But an investigation by the House Subcommittee on Oversight and Investigations rightly objected to NREL’s conclusions. The Subcommittee found that NREL overstated the number of jobs created under 1603, that it failed to report on the more important net job creation, and ignored potential jobs that would be created given alternative spending of federal funds. The key sticking point was that NREL did not validate its models using actual data from completed projects. [Read more →]
July 10, 2012 15 Comments
Ending industrial wind subsidies is a quadruple win: it fosters real jobs, promotes economic growth, protects endangered species, and elevates environmental values over image-making.
The public is coming to this view, not only energy realists. In the face of repeated efforts to extend (seemingly perpetual) wind energy subsidies by industry lobbyists, taxpayers and grass root environmentalists have said: ENOUGH.
Informed and inspired by a loose but growing national coalition of groups opposed to more giveaways with no scientifically proven net benefits, thousands of citizens called their senators and representatives – and rounded up enough Nay votes to run four different bills aground. For once, democracy worked.
A shocked American Wind Energy Association and its allies began even more aggressive recruiting of well-connected Democrat and Republican political operatives and cosponsors – and introducing more proposals like HR 3307 to extend the Production Tax Credit (PTC).
Parallel efforts were launched in state legislatures, to maintain mandates, subsidies, feed-in tariffs, renewable energy credits, and other “temporary” ratepayer and taxpayer obligations. [Read more →]
May 8, 2012 11 Comments
“The stakes here could not be clearer. Economic studies have shown that Congressional inaction on the PTC will kill 37,000 American jobs, shutter plants and cancel billions of dollars in private investment. Congress needs to understand that, with PTC uncertainty, layoffs have already begun and further job losses and even plant closings will accelerate each month as we near expiration in December.”
- Denise Bode, quoted in American Wind Energy Association, “As Wind Manufacturing Job Losses Loom, Bipartisan Wind Extension Drive Continues (February 16, 2012).
Three cheers for market-driven resource reallocation for personal and economic betterment.
Some of us can speak from personal experience. I was part of the 4,000-person layoff from Enron Corporation on Monday December 3, 2001. The economy became a little more efficient that day, as many started getting jobs at other energy companies and elsewhere where consumer demand was stronger.
Such is the ‘creative destruction’ of the market economy where the good replaces the bad, and where the even-better replaces the good.
The windpower industry is entering what could well be the beginning of a death cycle. Industrial wind is increasingly losing its special ratepayer and taxpayer support with democracies in deficit and consumers in search of cost and reliability advantages.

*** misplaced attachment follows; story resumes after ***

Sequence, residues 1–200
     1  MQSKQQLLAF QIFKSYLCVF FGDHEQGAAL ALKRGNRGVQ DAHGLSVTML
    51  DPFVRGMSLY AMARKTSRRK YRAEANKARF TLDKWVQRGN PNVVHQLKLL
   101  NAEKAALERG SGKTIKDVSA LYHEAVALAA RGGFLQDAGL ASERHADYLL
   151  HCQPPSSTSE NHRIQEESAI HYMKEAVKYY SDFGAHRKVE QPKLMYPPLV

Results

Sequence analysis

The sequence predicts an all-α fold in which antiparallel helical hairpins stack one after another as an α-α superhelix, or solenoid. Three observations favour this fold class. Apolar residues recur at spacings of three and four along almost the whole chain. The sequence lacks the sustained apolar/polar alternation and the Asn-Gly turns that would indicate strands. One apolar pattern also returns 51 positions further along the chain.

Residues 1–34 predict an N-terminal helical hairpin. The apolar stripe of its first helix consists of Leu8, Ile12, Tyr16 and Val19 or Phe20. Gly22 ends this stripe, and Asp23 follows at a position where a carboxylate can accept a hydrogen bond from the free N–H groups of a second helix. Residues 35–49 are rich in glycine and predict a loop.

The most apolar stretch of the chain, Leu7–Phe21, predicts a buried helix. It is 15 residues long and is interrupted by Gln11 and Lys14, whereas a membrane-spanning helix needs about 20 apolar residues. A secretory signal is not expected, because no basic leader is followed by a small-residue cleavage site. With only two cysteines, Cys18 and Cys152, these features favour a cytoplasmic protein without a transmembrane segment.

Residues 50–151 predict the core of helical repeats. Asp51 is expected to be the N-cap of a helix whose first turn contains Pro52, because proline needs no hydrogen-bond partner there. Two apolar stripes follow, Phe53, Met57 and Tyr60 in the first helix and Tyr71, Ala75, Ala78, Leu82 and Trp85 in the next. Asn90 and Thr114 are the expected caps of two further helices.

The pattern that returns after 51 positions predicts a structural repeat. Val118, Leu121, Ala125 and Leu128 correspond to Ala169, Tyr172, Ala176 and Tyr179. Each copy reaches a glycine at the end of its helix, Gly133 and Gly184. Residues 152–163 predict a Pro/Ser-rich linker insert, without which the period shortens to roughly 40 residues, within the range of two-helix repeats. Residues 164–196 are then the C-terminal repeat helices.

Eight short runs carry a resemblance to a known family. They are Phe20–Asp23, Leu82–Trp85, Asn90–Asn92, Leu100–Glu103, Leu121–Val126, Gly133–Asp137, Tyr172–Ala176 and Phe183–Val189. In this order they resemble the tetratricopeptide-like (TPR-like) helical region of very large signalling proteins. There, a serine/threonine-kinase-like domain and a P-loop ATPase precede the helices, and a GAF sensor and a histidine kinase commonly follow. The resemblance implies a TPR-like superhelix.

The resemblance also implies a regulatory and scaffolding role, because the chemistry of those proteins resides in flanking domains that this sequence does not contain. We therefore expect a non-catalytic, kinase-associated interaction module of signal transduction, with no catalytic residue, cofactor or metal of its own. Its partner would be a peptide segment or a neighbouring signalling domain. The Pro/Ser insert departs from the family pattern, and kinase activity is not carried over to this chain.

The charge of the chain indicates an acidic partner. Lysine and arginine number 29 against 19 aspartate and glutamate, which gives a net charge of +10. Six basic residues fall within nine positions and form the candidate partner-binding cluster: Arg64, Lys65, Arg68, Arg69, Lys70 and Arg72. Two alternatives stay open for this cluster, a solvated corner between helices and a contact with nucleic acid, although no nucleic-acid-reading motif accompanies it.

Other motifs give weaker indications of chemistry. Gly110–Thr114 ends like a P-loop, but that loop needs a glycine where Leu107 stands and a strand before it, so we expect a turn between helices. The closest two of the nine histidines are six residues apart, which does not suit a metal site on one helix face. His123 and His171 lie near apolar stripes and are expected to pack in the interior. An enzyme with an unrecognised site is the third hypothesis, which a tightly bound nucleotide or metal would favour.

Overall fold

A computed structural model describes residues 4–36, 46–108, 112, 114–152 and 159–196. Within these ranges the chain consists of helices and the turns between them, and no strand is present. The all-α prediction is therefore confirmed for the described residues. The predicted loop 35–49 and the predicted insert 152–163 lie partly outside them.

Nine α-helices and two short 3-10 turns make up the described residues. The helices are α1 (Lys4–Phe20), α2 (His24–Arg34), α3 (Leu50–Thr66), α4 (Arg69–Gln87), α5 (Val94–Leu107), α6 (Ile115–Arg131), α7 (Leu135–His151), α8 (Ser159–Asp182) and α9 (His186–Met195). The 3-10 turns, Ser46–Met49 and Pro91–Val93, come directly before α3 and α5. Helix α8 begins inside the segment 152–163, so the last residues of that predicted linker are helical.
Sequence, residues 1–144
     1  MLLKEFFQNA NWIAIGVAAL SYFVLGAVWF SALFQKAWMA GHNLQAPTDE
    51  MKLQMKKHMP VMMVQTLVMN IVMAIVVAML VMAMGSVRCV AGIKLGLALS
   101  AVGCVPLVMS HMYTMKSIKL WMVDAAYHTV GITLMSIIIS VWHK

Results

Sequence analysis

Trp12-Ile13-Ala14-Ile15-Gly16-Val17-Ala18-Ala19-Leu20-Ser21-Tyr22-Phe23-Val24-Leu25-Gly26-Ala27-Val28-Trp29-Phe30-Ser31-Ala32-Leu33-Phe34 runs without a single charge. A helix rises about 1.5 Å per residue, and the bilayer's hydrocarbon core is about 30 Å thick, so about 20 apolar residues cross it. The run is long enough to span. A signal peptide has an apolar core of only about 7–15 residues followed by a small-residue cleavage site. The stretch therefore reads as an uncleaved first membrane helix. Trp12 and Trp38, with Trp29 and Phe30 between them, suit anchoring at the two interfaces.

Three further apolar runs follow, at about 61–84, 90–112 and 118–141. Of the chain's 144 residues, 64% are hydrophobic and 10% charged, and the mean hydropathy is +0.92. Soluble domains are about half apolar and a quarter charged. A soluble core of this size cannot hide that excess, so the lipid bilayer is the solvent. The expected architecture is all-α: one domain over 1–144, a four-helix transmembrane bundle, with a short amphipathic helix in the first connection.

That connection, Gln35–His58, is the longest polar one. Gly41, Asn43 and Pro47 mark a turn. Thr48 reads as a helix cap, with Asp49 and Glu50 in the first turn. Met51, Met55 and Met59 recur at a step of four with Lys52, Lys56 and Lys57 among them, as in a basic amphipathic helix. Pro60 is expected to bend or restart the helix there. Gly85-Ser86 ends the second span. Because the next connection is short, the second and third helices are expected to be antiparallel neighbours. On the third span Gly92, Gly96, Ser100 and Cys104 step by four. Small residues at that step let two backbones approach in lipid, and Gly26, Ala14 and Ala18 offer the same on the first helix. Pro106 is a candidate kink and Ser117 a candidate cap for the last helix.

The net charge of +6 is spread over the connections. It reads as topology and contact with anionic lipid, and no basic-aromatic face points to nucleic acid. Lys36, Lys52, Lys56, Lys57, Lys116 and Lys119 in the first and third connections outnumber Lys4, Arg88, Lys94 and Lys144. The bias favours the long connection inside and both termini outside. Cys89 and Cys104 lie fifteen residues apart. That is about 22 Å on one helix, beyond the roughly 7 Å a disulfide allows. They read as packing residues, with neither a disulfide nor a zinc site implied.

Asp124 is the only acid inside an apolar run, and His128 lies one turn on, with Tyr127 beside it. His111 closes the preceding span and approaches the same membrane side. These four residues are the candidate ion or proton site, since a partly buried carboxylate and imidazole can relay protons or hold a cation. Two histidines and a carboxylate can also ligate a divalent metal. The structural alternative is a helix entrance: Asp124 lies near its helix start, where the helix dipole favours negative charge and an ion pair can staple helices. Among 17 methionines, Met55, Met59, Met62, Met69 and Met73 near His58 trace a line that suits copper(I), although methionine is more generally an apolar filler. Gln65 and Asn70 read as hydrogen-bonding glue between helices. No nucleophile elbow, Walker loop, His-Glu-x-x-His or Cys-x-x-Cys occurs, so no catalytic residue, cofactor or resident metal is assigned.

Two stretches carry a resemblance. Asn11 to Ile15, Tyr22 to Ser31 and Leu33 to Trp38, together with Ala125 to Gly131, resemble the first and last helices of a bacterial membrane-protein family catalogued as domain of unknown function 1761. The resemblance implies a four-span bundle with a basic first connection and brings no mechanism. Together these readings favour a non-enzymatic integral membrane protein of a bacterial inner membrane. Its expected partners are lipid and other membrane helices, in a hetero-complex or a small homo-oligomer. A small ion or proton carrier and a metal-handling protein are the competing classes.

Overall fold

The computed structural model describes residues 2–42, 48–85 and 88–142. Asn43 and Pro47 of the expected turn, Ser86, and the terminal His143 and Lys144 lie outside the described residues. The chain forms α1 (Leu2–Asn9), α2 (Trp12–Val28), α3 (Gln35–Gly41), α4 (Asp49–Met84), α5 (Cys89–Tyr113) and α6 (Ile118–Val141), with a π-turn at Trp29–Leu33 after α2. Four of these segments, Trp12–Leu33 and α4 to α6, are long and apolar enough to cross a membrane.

Judging from the ‘help wanted’ signs, the oil and gas industry stands ready to absorb the precious resources that have gone into the ‘Enron’ of energy sources. Some workers will need to be retrained, while others will find a closer integration of skills.
Perhaps even the employees of AWEA can become true environmentalists or libertarian to argue against ethanol and on-grid solar and light bulb mandates to close deficits and increase personal liberty. The pro-consumer, pro-taxpayer movement can always use a few more good women and men! [Read more →]
March 6, 2012 6 Comments
If you haven’t heard from the American Wind Energy Association (AWEA), you probably will.
Ominous, scary ads are running nationwide warning of the crushing blow to American jobs if Congress fails to extend the Production Tax Credit (‘PTC’), the 20-year ‘temporary’ subsidy most credited for market growth in the wind sector. The PTC is due to expire at the end of this year.
Most of the ads target particular House members who, so far, have resisted the industry’s demands for their PTC earmark. The pressure is particularly heated right now as Congress negotiates the payroll tax holiday bill, which is viewed by many as the last best chance to attach an extension of the PTC before November’s presidential election.
AWEA is also leaning on its friends to do its bidding. Politicos from wind-friendly states like Iowa, and Kansas have written letters to members of the Congressional conference committee that’s now hashing out the tax bill. The letters repeat the same tired talking points about jobs.
It’s embarrassing to see these politicians blindly repeat what they’ve been told with no apparent understanding of the costs and impacts of pro-wind policies. Government (taxpayers) do not create jobs on net. Resources taken from the private sector reduced demand and thus (unseen) jobs to create the seen (wind) jobs.
But higher energy costs and misallocated resources in the process make us all poorer. Henry Hazlitt refuted ‘green jobs’ decades before the term was invented in Economics in One Lesson via his explanation of seen-versus-unseen jobs.
A Ballooned Subsidy
Do you think Senator Harkin or Governor Brownback realize that since the PTC was adopted in 1992, its annual cost has ballooned from $5 million a year in 1998 to over $1 billion annually today. Or that this open-ended subsidy of 2.2¢/kWh in after-tax income represents a pre-tax value of approximately 3.7¢/kWh? In many regions of the country the PTC equals, or exceeds the wholesale price of power! [Read more →]
February 13, 2012 41 Comments